The question remains, "How little text criticism is possible?" The KJV departs from the MT less than any modern translation, but in my view the result is a marginally less accurate rather than more accurate translation. Obviously, that is a topic that is much discussed, and usually involves intricacies that are not necessarily easy to explain in simple terms to everyone. But we all agree that we have a reliable set of manuscripts for the OT, from which we can be confident our English translations are giving to us the infallible, inerrant Word of God.
 

Douglas Somerset

Puritan Board Freshman
I'm not sure why you think that Jesus and the disciples would have sung the divine name in the psalms (in Hebrew), when every quotation from the OT in the NT uses kurios. Surely if Jesus had encouraged them to use Jehovah, they would have carried on that practice. I would suggest the reverse is true. To use Jehovah in OT quotations would have obscured something very important to the NT writers, which is the fact that kurios denotes both Israel's OT God and Jesus. To say "For unto you is born this day in the city of David a Savior, who is Christ the Lord (Lk. 2:11) means something quite different for people trained to think of "the Lord" as the title of Israel's God. When they sang the psalms and sang kurios, they would immediately think of Jesus. So perhaps we shouldn't think of this practice as a "Jewish superstition."

Some people think that the divine name was still pronounced by the priests in the temple for a period of time (which would obviously have ceased by AD 70). Others suggest that rabbis were allowed to pass it on to their students every seven years. But that is all somewhat speculative, I think. I'm not sure when the tendency to use G-D or "Ha-Shem" came into use. That obviously is much later, and does not fit with either the LXX or the NT.

Thanks for a stimulating conversation.
The introduction of this paper gives some quotes and references on the Jewish prohibition on pronouncing the Divine Name.


I am not sure I really understand Iain's position. You seem almost to be arguing for the abolition of the Tetragrammaton and its replacement with Adonai/kurios? But surely the NT quotes from the OT are not replacing the OT but adding to the OT and presenting new angles of truth. God is both YHWH and kurios, and so is Christ, but the two names or titles are not identical.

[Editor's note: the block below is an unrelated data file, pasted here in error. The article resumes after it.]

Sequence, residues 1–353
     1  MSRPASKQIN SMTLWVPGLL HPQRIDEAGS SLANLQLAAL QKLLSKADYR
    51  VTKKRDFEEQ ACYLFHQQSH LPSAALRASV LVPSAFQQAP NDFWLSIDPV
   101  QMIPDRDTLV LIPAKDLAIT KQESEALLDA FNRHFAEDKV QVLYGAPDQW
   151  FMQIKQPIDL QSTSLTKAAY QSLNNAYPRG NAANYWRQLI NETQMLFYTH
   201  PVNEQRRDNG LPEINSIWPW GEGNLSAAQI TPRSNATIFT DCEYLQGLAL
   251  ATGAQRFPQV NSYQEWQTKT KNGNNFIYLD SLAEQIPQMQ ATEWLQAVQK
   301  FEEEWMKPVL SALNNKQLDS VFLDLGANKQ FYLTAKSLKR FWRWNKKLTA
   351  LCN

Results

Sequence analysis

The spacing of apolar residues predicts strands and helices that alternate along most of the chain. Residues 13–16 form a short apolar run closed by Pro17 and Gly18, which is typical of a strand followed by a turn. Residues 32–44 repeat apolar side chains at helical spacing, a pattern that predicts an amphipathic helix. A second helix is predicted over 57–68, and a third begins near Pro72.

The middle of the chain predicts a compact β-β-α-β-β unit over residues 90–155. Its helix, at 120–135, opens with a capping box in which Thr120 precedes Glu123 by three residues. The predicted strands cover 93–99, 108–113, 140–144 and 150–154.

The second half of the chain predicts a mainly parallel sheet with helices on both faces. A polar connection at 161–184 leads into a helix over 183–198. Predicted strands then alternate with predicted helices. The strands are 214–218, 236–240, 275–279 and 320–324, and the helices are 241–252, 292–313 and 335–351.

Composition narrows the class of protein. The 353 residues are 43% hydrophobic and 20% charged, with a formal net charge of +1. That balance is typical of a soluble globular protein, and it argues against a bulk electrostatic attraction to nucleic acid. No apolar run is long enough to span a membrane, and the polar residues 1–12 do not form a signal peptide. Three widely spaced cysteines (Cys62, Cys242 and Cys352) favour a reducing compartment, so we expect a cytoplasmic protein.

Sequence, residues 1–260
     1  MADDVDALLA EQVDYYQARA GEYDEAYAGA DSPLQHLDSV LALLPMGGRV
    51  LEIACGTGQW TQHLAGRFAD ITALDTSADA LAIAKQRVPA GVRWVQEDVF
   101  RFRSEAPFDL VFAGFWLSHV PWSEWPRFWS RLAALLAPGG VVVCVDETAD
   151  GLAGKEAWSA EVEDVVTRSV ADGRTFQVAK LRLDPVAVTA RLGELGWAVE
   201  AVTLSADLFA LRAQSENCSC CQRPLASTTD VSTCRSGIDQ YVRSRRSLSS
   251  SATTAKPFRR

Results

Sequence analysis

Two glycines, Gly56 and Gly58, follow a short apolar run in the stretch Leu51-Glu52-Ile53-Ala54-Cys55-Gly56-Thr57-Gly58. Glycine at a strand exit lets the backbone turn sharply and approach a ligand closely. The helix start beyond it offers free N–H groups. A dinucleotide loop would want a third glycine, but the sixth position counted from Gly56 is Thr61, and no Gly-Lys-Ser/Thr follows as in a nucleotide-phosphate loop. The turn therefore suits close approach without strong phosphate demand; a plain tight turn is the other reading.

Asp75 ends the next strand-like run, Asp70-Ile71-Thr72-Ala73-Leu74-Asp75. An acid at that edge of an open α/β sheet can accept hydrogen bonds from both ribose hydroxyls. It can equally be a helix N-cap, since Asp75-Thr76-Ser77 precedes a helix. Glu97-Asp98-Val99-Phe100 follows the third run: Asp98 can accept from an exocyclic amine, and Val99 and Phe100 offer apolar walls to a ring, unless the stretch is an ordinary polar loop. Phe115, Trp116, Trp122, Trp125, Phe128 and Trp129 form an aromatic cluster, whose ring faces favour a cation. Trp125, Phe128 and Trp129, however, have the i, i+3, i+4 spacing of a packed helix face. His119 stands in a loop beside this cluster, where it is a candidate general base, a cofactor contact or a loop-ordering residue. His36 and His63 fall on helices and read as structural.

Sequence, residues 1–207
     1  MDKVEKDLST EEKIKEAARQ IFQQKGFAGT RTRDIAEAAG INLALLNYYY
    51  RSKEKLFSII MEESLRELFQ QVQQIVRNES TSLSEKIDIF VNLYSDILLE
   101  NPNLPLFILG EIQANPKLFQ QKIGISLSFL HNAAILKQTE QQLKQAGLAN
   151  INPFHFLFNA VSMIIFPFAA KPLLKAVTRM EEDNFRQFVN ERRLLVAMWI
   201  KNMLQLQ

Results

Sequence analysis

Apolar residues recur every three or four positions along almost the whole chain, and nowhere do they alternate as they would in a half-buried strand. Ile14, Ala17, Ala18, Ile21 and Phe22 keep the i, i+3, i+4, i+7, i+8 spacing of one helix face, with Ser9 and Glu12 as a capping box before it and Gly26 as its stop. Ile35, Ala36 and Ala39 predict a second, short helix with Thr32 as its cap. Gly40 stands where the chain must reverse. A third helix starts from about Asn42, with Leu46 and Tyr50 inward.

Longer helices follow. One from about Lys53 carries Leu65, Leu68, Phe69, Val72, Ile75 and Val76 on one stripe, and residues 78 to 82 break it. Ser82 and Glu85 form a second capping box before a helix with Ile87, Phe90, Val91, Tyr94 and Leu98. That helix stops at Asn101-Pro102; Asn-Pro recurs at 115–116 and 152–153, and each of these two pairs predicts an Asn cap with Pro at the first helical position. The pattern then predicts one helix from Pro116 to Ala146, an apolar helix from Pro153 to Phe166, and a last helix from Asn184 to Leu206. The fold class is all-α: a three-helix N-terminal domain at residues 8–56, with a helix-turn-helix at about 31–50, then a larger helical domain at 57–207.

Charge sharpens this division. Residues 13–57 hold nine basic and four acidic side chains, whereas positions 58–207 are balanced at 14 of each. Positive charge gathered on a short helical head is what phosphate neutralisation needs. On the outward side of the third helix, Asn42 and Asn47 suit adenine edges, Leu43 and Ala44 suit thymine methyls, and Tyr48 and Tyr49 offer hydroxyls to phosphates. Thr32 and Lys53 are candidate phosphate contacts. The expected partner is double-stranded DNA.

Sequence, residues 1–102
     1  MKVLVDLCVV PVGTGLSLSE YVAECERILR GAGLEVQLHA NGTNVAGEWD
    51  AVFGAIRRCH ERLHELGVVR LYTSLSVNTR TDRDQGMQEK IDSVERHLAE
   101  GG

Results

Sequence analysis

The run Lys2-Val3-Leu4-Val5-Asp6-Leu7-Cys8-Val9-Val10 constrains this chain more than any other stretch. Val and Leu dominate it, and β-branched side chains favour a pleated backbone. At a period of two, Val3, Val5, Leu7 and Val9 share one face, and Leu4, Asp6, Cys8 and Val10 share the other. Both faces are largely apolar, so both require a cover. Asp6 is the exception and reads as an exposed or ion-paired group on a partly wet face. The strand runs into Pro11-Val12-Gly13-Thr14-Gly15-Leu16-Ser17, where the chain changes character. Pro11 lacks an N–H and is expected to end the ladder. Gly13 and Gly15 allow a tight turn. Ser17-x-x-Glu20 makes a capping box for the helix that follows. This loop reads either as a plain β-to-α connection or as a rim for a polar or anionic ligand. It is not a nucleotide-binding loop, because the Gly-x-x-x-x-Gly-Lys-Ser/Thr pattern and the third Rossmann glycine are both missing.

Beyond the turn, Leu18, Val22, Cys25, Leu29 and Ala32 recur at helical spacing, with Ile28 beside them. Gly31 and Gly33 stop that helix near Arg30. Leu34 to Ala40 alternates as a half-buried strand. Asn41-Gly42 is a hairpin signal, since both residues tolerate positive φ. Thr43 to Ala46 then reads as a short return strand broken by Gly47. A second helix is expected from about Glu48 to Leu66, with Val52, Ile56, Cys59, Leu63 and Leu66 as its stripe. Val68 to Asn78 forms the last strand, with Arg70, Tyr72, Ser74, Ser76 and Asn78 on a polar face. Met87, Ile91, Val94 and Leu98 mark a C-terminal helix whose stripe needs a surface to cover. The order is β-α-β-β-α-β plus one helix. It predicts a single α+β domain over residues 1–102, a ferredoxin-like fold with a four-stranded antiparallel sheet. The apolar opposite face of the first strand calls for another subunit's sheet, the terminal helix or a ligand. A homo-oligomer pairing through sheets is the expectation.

And I don't see that one can get away from the fact that some people read the OT aloud in Hebrew and are faced with the word YHWH. How should they pronounce it? What did Christ say in Nazareth (Luke 4:18)?
 
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iainduguid

Puritan Board Sophomore
The introduction of this paper gives some quotes and references on the Jewish prohibition on pronouncing the Divine Name.


I am not sure I really understand Iain's position. You seem almost to be arguing for the abolition of the Tetragrammaton and its replacement with Adonai/kurios? But surely the NT quotes from the OT are not replacing the OT but adding to the OT and presenting new angles of truth. God is both YHWH and kurios, and so is Christ, but the two names or titles are not identical.

And I don't see that one can get away from the fact that some people read the OT aloud in Hebrew and are faced with the word YHWH. How should they pronounce it? What did Christ say in Nazareth (Luke 4:13)?
Thanks, Douglas, for the interesting paper reference, arguing (convincingly, I think) that the substitution of the divine name by adonai goes all the way back to the Chronicler. I think he's also right that the evidence of Greek translations is mixed. But I think everyone agrees that almost no one was pronouncing it by the time of Jesus; even if it was still pronounced by the High Priest in the temple it was sotto voce.

If we take that as our starting point, why would we think that Jesus pronounces the divine name, when he quotes the OT (for example in Luke 4:12)? Certainly, Jesus is not afraid to break away from first century Jewish customs that obscure the revelation of God, but if he did so, wouldn't that have left a profound impact on his disciples and have scandalized his enemies? You would expect it to become a major point of contention between the disciples and their Jewish opponents (and perhaps even the Judaizers), yet as far as I can see there is nothing in the NT that supports that. Luke 4:12 would read exactly the same in Greek whether Jesus said to the devil Jehovah/Yahweh or adonai.

I don't think we should use the language of the abolition of the tetragrammaton: it is simply being re-stated: Jehovah/Yahweh is the Lord Jesus Christ. This would be similar to the way in which the tetragrammaton itself is at least infused with new content (if not actually being a new revelation - see Exod. 6) at the time of the Exodus. In that vein, it is instructive to compare the use of the phrase "in the name of" in the OT and NT. In the OT, it is invariably "in the name of Jehovah/Yahweh/the Lord"; in the NT, it is most often "in the name of Jesus/the Lord Jesus Christ" or (in Mt 28:20 "in the name of the Father, the Son and the Holy Spirit"). When the elders anointed with oil "in the name of the Lord" (James 5:14), what name did they use? Jehovah? Or Jesus? The normal baptismal formula suggests either the triune formula or "the Lord Jesus Christ". "Believe in the Lord your God (2 Chron. 20:20) becomes "Believe in the Lord Jesus" (Acts 16:31). The "no other name by which we must be saved" (Acts 4:12) is Jesus (Acts 4:11).